When I first thought of writing about dLocal (“DLO” or “dLocal”), the impression was that it was possible to do it in one post.
However, after careful consideration, I split the report into Part I and Part II. Even though the company hasn’t many complexities, the sector is demanding.
There is a few misunderstanding about the industry gear I wish to clarify in the post. Also, as promised previously, the idea is to avoid gigantic posts.
So, this first post will give a very (very) short overview of dLocal, and a profound analysis of the industry size, tailwinds, growth, and so on.
Next week, I’ll break down the entire value chain in dLocal’s take-rate and understand its future prospects, presenting my estimates, valuation, and why I don’t hold any stock.
The valuation (Xls) and the presentation (pdf) will be attached in the next week’s post. In my opinion, that would not make sense to break it down as well.
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- Company Overview
- Industry Overview
- Cross-Border Pay
- Estimating Addressable Market
- Going Deep
dLocal is a payment company focused on making the complex simple, redefining the online payments experience in emerging markets (ex-China).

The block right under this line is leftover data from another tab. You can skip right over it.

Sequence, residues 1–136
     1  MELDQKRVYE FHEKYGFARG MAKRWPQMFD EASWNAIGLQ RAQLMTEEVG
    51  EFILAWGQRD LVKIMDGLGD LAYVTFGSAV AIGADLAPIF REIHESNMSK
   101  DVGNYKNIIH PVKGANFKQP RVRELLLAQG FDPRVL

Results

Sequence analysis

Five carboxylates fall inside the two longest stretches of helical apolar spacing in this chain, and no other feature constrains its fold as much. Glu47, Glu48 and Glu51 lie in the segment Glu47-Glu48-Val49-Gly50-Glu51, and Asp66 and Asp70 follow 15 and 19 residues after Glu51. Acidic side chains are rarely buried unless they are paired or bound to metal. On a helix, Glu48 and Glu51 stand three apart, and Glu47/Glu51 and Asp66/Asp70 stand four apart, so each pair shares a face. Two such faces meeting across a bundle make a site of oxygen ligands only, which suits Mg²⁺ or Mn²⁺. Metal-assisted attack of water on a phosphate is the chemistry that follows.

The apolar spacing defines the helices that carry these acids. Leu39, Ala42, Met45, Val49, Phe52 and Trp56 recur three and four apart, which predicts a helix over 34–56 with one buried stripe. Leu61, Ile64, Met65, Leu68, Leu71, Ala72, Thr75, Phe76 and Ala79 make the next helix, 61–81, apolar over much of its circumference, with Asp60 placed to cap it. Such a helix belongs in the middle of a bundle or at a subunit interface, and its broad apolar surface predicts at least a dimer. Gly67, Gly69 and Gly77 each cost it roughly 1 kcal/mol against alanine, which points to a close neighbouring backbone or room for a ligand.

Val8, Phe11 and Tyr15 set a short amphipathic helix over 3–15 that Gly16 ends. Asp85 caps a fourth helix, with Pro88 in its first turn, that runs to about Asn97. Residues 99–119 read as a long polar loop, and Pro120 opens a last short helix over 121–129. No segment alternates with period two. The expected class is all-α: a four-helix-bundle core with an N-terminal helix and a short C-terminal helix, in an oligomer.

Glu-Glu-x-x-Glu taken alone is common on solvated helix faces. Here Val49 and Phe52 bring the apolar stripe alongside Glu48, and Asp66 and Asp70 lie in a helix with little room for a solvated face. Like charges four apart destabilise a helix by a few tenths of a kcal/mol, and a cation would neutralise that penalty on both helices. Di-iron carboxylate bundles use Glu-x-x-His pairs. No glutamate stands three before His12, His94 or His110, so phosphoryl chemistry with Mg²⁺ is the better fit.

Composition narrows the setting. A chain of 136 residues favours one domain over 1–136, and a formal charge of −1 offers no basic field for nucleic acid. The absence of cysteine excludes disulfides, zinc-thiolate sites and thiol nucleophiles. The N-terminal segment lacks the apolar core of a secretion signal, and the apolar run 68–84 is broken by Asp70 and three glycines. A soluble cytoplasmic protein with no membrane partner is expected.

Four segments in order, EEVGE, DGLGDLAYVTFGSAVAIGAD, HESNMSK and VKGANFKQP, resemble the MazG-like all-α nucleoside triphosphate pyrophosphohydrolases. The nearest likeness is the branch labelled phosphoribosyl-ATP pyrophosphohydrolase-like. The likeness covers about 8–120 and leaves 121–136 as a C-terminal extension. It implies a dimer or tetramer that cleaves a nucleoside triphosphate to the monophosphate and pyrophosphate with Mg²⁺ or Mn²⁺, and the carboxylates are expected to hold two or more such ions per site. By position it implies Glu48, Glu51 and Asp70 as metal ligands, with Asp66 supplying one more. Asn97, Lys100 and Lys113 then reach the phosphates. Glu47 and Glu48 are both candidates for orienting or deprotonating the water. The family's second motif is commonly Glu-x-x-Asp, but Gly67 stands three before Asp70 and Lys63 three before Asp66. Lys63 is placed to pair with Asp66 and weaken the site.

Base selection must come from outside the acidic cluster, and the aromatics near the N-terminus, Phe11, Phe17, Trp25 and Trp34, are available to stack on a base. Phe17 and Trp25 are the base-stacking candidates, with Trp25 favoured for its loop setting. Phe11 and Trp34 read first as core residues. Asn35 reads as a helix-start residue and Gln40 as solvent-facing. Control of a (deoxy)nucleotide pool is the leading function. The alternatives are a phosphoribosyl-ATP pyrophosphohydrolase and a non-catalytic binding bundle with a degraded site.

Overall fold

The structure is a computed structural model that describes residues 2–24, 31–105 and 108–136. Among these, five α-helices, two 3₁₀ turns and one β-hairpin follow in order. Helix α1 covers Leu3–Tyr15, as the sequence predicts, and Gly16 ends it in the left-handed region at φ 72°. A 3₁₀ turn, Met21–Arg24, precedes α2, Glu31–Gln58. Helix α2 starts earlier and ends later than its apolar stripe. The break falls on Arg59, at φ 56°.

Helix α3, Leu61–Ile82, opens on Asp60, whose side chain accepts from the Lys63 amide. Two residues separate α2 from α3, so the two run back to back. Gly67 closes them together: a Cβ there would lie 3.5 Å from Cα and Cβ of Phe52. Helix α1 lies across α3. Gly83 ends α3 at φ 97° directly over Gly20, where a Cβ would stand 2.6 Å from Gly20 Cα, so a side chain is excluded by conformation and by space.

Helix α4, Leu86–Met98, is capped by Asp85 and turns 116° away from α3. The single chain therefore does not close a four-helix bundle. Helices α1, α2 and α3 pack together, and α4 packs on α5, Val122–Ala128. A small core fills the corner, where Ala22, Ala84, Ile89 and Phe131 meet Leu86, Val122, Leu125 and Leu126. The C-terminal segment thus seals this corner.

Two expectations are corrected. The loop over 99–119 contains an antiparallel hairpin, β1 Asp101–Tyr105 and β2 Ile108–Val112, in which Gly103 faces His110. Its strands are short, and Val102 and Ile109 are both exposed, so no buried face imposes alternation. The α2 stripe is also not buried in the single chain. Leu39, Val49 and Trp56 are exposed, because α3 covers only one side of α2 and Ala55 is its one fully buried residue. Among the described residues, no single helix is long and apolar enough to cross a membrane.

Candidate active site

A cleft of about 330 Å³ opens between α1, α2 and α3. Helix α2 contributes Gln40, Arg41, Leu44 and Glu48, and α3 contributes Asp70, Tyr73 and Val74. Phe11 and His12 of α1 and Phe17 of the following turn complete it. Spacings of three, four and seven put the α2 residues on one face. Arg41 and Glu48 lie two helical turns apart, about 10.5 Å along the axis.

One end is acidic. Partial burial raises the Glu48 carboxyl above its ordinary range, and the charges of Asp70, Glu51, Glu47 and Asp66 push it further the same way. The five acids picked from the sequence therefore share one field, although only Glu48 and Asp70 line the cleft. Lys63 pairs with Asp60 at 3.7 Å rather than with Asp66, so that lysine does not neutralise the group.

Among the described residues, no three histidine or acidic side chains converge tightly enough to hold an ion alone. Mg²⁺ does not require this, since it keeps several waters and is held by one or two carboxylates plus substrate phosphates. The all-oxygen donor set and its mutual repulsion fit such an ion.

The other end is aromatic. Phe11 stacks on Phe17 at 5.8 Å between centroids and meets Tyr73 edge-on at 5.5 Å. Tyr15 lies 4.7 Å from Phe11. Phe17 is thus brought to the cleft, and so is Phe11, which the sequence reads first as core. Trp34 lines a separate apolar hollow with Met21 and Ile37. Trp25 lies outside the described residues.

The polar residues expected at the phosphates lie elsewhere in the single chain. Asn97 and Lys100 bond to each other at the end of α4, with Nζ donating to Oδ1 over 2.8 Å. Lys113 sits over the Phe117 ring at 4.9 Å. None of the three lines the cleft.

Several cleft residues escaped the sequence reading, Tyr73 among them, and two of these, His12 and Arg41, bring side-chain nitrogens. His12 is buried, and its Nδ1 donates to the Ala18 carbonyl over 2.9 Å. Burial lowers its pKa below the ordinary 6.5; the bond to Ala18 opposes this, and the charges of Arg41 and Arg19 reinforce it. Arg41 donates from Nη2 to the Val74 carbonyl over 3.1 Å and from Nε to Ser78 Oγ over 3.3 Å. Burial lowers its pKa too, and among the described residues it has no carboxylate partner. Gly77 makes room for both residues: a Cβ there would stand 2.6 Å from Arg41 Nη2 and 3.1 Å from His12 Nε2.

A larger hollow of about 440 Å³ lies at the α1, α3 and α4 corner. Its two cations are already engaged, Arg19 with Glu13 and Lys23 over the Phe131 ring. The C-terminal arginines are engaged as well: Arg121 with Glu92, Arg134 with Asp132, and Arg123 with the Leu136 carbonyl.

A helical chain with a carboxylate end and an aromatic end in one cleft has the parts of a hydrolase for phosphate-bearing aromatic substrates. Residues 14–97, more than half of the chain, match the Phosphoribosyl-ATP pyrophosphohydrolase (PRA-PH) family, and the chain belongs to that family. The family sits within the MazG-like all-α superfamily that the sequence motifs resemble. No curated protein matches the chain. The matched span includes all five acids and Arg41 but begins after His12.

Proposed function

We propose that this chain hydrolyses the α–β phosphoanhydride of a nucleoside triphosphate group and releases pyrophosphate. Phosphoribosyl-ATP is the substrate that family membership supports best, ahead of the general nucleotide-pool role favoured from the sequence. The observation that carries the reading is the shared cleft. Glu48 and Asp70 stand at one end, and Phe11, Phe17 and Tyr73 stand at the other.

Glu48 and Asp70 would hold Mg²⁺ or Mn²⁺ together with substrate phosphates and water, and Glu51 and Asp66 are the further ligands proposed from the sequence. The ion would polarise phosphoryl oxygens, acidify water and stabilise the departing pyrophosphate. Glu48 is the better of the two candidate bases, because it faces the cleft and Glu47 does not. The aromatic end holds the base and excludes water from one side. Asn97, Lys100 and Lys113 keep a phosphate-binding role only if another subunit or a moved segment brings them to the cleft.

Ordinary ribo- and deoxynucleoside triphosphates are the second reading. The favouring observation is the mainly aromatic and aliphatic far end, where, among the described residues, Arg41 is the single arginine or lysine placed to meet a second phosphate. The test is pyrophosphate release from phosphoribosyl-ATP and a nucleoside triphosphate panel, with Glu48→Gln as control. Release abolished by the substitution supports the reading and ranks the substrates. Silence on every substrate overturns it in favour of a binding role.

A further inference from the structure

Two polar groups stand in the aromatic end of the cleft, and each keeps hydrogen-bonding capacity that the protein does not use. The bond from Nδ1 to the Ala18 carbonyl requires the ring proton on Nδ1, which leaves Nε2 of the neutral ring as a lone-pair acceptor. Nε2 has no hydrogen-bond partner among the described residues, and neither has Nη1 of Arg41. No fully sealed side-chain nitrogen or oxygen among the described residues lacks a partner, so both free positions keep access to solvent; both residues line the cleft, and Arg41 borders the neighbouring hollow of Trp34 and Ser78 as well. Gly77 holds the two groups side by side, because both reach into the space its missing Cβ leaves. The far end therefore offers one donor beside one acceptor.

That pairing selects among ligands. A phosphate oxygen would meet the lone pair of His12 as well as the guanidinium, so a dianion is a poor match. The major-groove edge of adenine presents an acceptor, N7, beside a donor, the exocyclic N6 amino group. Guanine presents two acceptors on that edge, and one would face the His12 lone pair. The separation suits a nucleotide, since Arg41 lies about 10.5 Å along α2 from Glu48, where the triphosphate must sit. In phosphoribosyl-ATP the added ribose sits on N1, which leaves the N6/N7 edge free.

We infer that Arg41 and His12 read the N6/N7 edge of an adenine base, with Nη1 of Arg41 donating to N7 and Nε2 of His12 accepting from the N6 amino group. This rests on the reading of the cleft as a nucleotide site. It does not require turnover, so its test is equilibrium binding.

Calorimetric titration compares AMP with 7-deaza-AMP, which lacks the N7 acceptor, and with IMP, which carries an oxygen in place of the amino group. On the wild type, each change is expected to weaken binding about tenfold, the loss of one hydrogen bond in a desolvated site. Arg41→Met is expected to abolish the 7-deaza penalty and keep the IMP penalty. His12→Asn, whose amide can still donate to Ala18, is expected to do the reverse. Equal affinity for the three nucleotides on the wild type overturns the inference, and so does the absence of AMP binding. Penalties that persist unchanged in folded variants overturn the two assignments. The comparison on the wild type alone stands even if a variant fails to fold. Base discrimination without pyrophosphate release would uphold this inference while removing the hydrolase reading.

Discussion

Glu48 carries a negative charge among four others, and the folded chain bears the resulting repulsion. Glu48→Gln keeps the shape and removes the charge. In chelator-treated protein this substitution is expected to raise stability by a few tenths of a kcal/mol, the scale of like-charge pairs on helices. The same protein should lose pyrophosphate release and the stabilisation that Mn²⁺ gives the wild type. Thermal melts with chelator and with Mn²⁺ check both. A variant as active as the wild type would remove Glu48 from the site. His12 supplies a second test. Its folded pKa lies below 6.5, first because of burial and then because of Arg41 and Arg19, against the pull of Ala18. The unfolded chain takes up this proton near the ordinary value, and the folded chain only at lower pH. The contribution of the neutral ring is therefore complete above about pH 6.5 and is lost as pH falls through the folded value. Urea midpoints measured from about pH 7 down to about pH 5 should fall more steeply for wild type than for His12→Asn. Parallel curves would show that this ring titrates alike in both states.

The company enables global enterprise merchants to get paid (pay-in) and make payments (pay-out) online safely and efficiently through one direct API, one technology platform, and one contract.
Merchants on the platform consistently benefit from improving acceptance and conversion rates, reduced friction, and improved fraud prevention, leading to enhanced potential interaction with nearly 2 billion combined internet users in the countries we serve (excluding China).
dLocal’s proprietary, fully cloud-based platform can power cross-border and local-to-local transactions in 30+, mainly LatAm.
The solutions are built to be both payment method-agnostic and user-friendly, enabling global merchants to connect with over 600 local payment methods for emerging countries.
In the past decade, probably one of the industries that went through the most significant changes was payments.
Payments companies are using tech to digitize manual workflows and automate tasks to respond to customer demand, reduce expenses, and streamline legacy payment systems.
This includes deploying solutions that automate accounting processes and move money more quickly and efficiently, saving costs and proving profitability.